Boma is now openly mutinous but it’s more surprising that McCoy also strongly questions Spock’s command decisions. That he chooses to do so in Boma’s company (rather than seeking a one on one conversation with Spock) does feel slightly off.
By contrast, Scotty is his usual no-nonsense self. He spends most of his time tinkering away in the innards of the Galileo, but whenever he emerges he’s always utterly supportive and loyal to Spock. As for Yeoman Mears, she doesn’t really contribute a great deal. She seems to be there for decorative purposes only (if the Yeoman has any strong feelings about Spock’s handling of the crisis then she keeps them to herself).
Spock’s rigidity and total inability to listen to the advice of others is key to the episode, but we also see that he saves the day by making an illogical act. Although he’s quickly able to explain this away – an illogical move was the only logical option ….
Several plot contrivances are brought into play in order to raise the stakes. Firstly, the Enterprise has to search for the missing shuttlecraft without the aid of sensors. And secondly, they only have a limited time as Commissioner Farris (John Crawford) is constantly at Kirk’s elbow, reminding him about his duty to deliver the drugs to New Paris. Crawford’s performance is merely adequate (it seems strange that Farris appears to be smirking on certain occasions).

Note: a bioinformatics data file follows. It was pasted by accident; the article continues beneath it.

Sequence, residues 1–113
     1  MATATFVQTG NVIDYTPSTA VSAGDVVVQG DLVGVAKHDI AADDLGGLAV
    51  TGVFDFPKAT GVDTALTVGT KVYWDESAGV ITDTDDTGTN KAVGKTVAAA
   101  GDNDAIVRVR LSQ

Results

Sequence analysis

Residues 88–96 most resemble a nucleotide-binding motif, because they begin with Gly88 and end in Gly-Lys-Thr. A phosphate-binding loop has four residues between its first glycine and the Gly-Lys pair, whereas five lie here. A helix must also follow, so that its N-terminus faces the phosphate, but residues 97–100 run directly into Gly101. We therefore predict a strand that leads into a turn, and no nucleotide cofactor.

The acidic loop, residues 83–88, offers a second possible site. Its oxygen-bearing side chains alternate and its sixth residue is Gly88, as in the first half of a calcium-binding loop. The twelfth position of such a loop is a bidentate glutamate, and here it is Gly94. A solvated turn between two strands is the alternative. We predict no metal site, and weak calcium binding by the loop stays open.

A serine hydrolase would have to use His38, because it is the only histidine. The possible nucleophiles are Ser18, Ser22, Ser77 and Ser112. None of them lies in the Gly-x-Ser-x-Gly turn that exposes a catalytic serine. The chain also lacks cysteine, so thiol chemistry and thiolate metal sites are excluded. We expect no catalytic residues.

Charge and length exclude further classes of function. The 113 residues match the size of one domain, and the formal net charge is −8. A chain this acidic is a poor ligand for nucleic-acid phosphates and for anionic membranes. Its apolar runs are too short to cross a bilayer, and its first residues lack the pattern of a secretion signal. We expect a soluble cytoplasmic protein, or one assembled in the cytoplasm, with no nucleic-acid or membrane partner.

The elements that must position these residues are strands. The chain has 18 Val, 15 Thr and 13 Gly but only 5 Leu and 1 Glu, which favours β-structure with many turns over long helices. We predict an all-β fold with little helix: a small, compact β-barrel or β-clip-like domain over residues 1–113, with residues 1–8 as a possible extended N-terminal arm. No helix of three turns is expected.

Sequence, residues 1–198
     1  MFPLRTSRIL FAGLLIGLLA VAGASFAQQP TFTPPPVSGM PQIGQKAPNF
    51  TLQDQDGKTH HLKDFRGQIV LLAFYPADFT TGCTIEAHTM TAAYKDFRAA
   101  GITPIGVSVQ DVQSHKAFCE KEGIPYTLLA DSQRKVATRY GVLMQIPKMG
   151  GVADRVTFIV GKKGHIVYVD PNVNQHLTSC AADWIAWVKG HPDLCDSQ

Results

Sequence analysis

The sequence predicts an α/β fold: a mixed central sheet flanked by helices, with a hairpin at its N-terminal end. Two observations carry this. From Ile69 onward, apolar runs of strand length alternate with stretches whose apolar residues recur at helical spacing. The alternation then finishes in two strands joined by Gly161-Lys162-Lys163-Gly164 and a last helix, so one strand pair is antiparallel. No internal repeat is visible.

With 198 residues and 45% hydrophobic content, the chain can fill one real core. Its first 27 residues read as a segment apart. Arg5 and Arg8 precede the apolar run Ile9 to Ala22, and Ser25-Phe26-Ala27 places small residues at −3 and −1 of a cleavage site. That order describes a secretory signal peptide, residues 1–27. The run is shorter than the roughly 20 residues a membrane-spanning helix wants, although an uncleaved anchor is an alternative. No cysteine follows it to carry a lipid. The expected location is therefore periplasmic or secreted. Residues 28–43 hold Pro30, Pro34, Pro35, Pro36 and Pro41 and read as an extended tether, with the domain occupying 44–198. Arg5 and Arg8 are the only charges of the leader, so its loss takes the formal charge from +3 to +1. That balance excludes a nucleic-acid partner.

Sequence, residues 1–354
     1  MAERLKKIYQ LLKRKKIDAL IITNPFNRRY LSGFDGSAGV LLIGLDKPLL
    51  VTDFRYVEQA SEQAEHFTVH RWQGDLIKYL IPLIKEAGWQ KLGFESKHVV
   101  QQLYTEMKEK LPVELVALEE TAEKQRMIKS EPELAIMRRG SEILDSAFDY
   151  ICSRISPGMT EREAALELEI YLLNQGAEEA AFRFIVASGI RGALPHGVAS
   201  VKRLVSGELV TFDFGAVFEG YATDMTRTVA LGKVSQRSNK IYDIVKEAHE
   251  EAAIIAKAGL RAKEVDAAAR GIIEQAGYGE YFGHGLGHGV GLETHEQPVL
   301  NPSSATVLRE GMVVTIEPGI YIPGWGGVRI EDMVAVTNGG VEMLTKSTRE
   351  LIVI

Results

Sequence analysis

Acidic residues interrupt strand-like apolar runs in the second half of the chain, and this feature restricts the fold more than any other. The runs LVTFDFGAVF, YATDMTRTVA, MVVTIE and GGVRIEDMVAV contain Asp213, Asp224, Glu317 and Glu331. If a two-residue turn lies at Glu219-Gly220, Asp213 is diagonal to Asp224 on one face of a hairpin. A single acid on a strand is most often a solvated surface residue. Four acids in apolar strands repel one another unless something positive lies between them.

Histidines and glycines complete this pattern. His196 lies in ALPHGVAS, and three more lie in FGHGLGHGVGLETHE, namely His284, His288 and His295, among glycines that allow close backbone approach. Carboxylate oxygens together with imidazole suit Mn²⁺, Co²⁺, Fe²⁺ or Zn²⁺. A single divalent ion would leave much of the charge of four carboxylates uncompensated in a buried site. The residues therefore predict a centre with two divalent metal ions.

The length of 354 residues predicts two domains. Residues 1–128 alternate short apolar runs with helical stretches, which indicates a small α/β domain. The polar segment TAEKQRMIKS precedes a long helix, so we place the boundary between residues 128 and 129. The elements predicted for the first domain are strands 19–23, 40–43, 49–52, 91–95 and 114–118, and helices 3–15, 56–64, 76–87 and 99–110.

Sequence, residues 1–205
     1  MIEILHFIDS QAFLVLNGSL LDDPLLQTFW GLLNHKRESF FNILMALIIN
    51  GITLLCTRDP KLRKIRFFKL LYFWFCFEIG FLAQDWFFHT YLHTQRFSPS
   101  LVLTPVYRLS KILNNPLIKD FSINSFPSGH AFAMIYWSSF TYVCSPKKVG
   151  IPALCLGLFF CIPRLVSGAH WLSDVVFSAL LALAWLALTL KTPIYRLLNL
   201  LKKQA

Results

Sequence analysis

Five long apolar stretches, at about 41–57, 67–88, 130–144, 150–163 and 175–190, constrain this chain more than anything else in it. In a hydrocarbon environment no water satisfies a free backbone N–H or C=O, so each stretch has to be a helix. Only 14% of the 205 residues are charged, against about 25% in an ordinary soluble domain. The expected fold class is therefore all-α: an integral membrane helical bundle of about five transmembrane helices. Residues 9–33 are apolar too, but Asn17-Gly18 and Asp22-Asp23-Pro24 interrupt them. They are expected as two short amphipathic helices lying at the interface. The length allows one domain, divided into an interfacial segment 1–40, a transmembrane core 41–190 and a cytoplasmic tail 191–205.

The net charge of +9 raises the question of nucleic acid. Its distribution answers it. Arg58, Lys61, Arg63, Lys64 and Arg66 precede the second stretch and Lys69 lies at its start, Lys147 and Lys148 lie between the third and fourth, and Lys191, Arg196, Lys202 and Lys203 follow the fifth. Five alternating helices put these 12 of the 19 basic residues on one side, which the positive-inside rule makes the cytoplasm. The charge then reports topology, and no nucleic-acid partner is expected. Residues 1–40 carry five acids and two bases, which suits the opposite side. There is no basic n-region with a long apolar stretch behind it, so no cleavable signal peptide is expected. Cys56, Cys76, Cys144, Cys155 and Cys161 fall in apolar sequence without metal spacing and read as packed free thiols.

Notwithstanding a few plot flaws, The Galileo Seven is a decent episode. Leonard Nimoy is – as you’d expect – excellent. I especially love the middle part of the story which sees Spock start to exert his authority with a raised voice.
Don Marshall (probably best known for Land of the Giants) has the pick of the guest roles although how Boma escaped censure is anybody’s guess. But if you accept that the tie-in novels are canon then (in Dreadnought by Diane Carey) he was later court-martialled.
Generally the production looks pretty glossy (the full-sized shuttlecraft and miniature effects are especially noteworthy) but there are a few signs that the episode had slipped behind its shooting schedule. The painfully lightweight rock which we’re invited to believe has trapped Spock is a case in point. A retake here might have made thIs scene seem slightly less comic.
For those interested in firsts, this is the first episode to conclude with Spock looking dignified whilst the rest of the bridge crew dissolve into giggles. Whether that’s something to be celebrated or not is down to personal preference I suppose.
One thought on “Star Trek – The Galileo Seven”
For a less extreme version of Boma’s future than the one provided by Diane Carey (who’s thinking seemed to be “He was mean to Spock so he must be an evil racist who’s part of a conspiracy to force all non-humans off Earth”), check out Dayton Ward’s That Which Survives, in which he was merely transferred to another ship for a fresh start, and actually works quite well with Spock when they meet up again when they’re both older and wiser.